As always with this author it was amazing and I highly recommend it to anyone who loves harry potter or percy Jackson. It was original a great new testament to the series. It was full of surprises and again you learn more and more about the series as you go. England must be overstocked with excellent writers.
This was good - but darker. Somehow the story seemed more formulaic action and suspense, with less development of character in the midst of it all. The ending is rather stressful too, as you wonder how characters will cope with their situations as things are left! There MUST be a sequel coming!
I almost stopped reading after the first chapter of this book. Seriously I'm sick of all the propoganda in Children's books these days.

Most of the characters started to bug me in this book too. I used to like Groanin but now he's become repetitive and annoying.
I've enjoyed the whole series so far. I thought it was at a good stopping point after number 4, but apprently not. This book did answer a few questions that were unresolved after book 4, but it also presented a few more; so I'm now looking forward to book 6.
This was much better than the last two books in the series. It was quite funny and had an interesting story line. I had given up on the Akhenaten twins but was persuaded by a coworker to read this one. She was right, it was a fun read.
I still like this series, but this book seemed a little more juvenile than the others. I think it was the character Sicky and all the repetition of "he may have had a small head, but there was nothing wrong with his_______" that got to me.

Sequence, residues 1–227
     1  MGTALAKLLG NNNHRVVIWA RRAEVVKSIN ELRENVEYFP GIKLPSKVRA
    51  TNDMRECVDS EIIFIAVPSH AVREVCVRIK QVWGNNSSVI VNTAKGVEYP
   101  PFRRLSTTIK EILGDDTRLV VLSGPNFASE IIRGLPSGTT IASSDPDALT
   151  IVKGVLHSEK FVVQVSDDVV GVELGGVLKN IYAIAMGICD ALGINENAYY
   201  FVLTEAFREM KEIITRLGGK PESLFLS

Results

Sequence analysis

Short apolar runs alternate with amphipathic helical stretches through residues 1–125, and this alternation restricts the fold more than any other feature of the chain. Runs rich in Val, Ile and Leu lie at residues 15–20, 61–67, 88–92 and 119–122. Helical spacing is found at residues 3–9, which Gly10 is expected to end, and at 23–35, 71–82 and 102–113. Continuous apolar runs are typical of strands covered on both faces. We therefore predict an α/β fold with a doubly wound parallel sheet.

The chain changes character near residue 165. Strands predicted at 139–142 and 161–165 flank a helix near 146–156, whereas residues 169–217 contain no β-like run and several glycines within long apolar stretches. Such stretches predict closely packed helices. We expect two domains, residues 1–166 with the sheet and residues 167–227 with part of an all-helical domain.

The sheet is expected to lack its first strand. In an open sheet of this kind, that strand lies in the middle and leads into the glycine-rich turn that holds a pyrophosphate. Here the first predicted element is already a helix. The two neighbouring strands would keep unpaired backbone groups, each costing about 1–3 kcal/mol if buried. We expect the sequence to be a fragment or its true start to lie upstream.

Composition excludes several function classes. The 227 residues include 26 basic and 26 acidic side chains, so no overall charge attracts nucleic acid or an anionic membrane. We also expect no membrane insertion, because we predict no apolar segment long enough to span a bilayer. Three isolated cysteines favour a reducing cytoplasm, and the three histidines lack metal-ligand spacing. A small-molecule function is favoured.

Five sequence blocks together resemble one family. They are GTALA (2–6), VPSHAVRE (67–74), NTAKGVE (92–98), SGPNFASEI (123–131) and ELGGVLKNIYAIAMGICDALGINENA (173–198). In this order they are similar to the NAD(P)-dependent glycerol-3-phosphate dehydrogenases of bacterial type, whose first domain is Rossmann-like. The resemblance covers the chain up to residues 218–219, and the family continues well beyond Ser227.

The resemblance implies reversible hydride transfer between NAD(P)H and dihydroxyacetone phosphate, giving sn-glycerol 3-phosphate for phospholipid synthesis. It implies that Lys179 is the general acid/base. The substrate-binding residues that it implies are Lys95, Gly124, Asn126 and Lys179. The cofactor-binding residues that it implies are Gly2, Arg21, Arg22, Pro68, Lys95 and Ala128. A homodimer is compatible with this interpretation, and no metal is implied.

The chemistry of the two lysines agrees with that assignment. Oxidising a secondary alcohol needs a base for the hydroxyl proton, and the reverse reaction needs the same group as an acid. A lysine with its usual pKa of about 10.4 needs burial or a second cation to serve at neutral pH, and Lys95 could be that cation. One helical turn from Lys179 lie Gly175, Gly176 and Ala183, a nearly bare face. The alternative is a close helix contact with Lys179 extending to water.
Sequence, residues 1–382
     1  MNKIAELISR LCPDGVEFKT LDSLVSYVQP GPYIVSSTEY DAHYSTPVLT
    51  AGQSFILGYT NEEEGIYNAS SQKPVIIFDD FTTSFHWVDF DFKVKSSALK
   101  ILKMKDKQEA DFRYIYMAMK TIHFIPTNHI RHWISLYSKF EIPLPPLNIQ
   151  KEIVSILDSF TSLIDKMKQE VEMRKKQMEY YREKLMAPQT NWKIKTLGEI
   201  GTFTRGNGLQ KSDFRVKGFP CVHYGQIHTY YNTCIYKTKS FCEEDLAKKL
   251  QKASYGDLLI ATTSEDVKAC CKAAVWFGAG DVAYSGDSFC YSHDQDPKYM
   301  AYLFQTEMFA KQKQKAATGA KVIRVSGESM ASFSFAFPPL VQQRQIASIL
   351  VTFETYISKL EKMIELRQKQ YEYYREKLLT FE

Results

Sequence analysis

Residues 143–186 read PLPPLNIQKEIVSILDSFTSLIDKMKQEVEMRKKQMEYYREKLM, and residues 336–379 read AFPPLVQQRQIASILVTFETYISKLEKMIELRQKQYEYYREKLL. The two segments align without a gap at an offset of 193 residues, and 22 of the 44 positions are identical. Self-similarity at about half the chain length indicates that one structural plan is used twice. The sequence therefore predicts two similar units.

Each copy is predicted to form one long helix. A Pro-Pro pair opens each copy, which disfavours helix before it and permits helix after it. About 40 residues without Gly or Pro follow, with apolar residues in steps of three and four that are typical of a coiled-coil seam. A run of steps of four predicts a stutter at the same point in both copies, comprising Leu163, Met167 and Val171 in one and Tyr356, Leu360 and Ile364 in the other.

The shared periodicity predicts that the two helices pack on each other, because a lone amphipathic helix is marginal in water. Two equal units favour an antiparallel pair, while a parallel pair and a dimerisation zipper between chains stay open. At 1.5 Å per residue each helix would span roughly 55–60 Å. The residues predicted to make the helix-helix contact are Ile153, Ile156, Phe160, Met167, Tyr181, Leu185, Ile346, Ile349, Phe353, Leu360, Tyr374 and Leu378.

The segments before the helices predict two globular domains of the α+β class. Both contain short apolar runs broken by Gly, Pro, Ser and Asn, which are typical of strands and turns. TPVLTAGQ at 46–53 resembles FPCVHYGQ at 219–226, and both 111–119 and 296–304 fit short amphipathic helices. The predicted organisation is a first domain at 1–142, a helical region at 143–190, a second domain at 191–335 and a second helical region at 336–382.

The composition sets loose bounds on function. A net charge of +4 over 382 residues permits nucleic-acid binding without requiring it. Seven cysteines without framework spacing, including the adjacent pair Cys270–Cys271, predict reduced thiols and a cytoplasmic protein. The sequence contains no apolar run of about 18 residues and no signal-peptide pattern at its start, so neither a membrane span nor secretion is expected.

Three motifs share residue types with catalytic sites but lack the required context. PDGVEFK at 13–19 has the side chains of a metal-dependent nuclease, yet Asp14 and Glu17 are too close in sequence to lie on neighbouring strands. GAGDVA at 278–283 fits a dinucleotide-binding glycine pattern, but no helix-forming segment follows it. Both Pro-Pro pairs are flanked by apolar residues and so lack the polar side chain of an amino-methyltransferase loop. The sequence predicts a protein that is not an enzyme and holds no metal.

Madeline S
This book looks long (and it is), but I think you'd go right through it. It's a really good book, and like many other books it just keeps you hanging and wanting to on and on. The chapters also describe things very well.
John, Philippa, Nimrod and Groanin go to Peru to try to save the world from the great destruction Pachatiti. Virgil McCreeby and Dybbuk are involved. Ancient Inca mummy kings and spanish conquistadors have a battle.
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Also writes as Philip Kerr.

Philip Kerr (P.B. Kerr) is a British author of both adult fiction and non-fiction, most notably the Bernie Gunther series, and of children's books, particularly the Children of the Lamp series.

Kerr was educated there and at a grammar school in Northampton. He studied law at the University of Birmingham from 1974–1980, achieving a masters degree. Kerr worked as an adverti...more
More about P.B. Kerr...
The Akhenaten Adventure (Children of the Lamp, #1) The Blue Djinn of Babylon (Children of the Lamp, #2) The Cobra King of Kathmandu (Children of the Lamp, #3) The Day of the Djinn Warriors (Children of the Lamp, #4) The Five Fakirs of Faizabad (Children of the Lamp, #6)